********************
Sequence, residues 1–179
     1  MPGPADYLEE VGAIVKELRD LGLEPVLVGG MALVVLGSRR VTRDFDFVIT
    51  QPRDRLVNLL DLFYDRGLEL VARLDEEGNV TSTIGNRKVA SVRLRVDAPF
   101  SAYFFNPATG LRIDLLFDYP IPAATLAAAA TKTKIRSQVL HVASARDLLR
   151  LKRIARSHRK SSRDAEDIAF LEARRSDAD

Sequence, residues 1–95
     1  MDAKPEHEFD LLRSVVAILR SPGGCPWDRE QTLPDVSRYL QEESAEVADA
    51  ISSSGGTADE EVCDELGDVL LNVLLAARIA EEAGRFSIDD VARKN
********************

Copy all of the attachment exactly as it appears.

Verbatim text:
Sequence, residues 1–179
     1  MPGPADYLEE VGAIVKELRD LGLEPVLVGG MALVVLGSRR VTRDFDFVIT
    51  QPRDRLVNLL DLFYDRGLEL VARLDEEGNV TSTIGNRKVA SVRLRVDAPF
   101  SAYFFNPATG LRIDLLFDYP IPAATLAAAA TKTKIRSQVL HVASARDLLR
   151  LKRIARSHRK SSRDAEDIAF LEARRSDAD

Sequence, residues 1–95
     1  MDAKPEHEFD LLRSVVAILR SPGGCPWDRE QTLPDVSRYL QEESAEVADA
    51  ISSSGGTADE EVCDELGDVL LNVLLAARIA EEAGRFSIDD VARKN